GOP Chair Elise Stefanik: Justice Department Is ‘Trying to Block’ Maricopa County Audit

Rep. Elise Stefanik (R-N.Y.), who was recently elected as the House Republican Conference chair, said the Department of Justice’s questions about the Maricopa County, Arizona, audit of the 2020 election may be unconstitutional.

On May 5, the Justice Department sent a letter to Arizona Senate leader Karen Fann, a Republican, inquiring about the custody of the ballots under review by a group of private contractors, alleging that the group’s other processes—including the canvassing of addresses—could be considered “voter intimidation.”

Rep. Elise Stefanik (R.-NY)

“I support that audit,” Stefanik said after being asked about it in a Fox Business interview on May 16. “Transparency is good for the American people. And again, this should be a nonpartisan issue, whether you are Republican, Democrat, independent, or conservative, transparency is important, and the audit was passed by the Arizona state Senate.”

Stefanik later said that the “Biden Department of Justice is trying to block that audit,” which, she said, “is unconstitutional from my perspective.”

“Our states, constitutionally, are responsible for writing states’ constitution law,” she said.

Pamela Karlan, principal deputy assistant attorney general with the Justice Department’s Civil Rights Division, wrote to Fann that “the proposed work of the audit raises concerns regarding potential intimidation of voters.”

Fann replied that the plan by election auditors to verify the validity of certain voters had been placed on hold.

“If and to the extent the Senate subsequently decides that canvassing is necessary to the successful completion of the audit, its vendor will implement detailed requirements to ensure that the canvassing is conducted in a manner that complies fully with the commands of the United States Constitution and federal and state civil rights laws,” Fann wrote earlier this month.

The Epoch Times reports that Stefanik’s comments on May 16 came just days after Dominion Voting Systems and Maricopa County officials said they wouldn’t provide passwords for election machines in Maricopa County. Dominion said it would comply with the audit, but that Cyber Ninjas—the company hired by the Arizona state Senate—isn’t accredited by the U.S. Election Assistance Commission.

Stefanik was approved last week in a vote by House Republicans to become the Republican Conference chair—the party’s No. 3 position in the House. She took over after GOP lawmakers voted to remove Rep. Liz Cheney (R-Wyo.), a frequent critic of former President Donald Trump and other Republicans, from the position.

Posted May 17, 2021

Trump endorses Stefanik’s bid to oust Cheney from GOP leadership

Former president Donald Trump on Wednesday endorsed Representative Elise Stefanik (R., N.Y.) to replace Representative Liz Cheney (R-Wy.) as chair of the House Republican Conference as party leadership has reportedly sought to oust the Wyoming congresswoman from her leadership role in recent days.

Rep. Elise Stefanik R-NY portrait with flag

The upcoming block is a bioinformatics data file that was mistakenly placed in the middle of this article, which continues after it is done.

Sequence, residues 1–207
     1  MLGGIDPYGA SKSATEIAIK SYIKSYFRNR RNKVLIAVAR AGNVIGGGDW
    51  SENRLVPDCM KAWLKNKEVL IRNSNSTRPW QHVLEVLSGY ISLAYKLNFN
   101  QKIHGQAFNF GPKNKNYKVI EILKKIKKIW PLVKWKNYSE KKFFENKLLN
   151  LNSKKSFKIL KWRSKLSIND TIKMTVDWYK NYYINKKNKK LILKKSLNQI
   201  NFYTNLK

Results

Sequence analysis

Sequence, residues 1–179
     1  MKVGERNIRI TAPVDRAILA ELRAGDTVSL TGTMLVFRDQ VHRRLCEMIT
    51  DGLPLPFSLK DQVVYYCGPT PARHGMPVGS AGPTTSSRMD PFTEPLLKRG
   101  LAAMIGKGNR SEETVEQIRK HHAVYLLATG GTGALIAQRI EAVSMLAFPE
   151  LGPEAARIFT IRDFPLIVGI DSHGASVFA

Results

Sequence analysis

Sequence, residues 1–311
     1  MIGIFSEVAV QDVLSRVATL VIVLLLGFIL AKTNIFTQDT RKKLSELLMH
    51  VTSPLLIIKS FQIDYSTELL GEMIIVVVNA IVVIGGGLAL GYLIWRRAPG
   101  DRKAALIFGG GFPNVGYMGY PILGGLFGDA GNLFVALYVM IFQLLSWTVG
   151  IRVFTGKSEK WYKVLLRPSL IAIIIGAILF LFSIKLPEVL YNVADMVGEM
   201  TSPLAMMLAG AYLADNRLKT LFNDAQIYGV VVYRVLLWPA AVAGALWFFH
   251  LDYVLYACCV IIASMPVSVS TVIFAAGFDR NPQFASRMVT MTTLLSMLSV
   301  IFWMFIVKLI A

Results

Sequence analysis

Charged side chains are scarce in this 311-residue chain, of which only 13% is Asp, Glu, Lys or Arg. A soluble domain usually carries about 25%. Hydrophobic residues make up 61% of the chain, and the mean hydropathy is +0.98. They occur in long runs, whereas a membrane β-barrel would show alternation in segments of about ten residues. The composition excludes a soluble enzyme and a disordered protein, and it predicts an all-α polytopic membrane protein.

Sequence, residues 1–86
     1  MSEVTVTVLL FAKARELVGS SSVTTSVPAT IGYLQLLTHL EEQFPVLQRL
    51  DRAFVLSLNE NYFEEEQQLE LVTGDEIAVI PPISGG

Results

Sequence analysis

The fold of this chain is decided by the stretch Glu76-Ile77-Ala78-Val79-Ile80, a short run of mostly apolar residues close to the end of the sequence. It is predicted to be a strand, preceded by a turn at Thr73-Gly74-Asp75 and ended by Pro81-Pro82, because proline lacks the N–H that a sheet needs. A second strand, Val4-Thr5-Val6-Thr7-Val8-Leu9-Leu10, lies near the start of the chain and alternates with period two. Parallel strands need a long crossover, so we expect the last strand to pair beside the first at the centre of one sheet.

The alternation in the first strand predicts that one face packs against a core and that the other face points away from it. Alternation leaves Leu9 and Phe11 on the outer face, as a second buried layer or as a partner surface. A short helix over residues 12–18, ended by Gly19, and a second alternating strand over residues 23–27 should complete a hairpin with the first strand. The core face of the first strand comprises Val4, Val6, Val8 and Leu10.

Rep. Elise Stefanik (R.-NY)

“Liz Cheney is a warmongering fool who has no business in Republican Party Leadership,” Trump said in a statement on his website. “We want leaders who believe in the Make America Great Again movement, and prioritize the values of America First. Elise Stefanik is a far superior choice, and she has my COMPLETE and TOTAL Endorsement for GOP Conference Chair. Elise is a tough and smart communicator!”

Stefanik thanked Trump for his support in a tweet on Wednesday, adding, “We are unified and focused on FIRING PELOSI & WINNING in 2022!”

National Review reports that Stefanik has also received support from the top two Republicans in the House for her bid to replace Cheney, a longtime critic of Trump and other conservatives. A spokeswoman for House GOP Whip Steve Scalise (R., La.) said Wednesday that the No. 2 Republican in the House “has pledged to support [Stefanik] for conference chair.”

“House Republicans need to be solely focused on taking back the House in 2022 and fighting against Speaker Pelosi and President Biden’s radical socialist agenda, and Elise Stefanik is strongly committed to doing that,” Scalise’s spokeswoman, Lauren Fine, said in a statement.

The renewed push to remove Cheney, the third-ranking GOP lawmaker in the House, from her leadership post comes after she told the New York Post last week that while she believes Republicans could take back the presidency in 2024, she thinks lawmakers who supported Trump’s effort to overturn the 2020 election results should be disqualified from running.

Cheney has drawn the ire of her Republican colleagues repeatedly since she voted in favor of Trump’s second impeachment but previously survived a secret ballot the House GOP conference conducted in February over whether to keep her in her post.  The conference voted 145–61 to keep Cheney in her leadership role at that time.

“This is about whether the Republican Party is going to perpetuate lies about the 2020 election and attempt to whitewash what happened on January 6,” Cheney spokesman Jeremy Adler said May 4. “Liz will not do that. That is the issue.”

(No, Jeremy, the issue is Liz Cheney’s leftist worldview and lack of veracity.)

Cheney, a daughter of Dick Cheney, who was George W. Bush’s vice president and before that a Wyoming congressman, seemed to have almost unlimited potential until this year. Her career began listing after she was among just 10 House Republicans to back Trump’s impeachment for inciting supporters to storm the Capitol on Jan. 6. The House GOP could hold a second vote to oust Cheney in the near future.

Posted May 5, 2021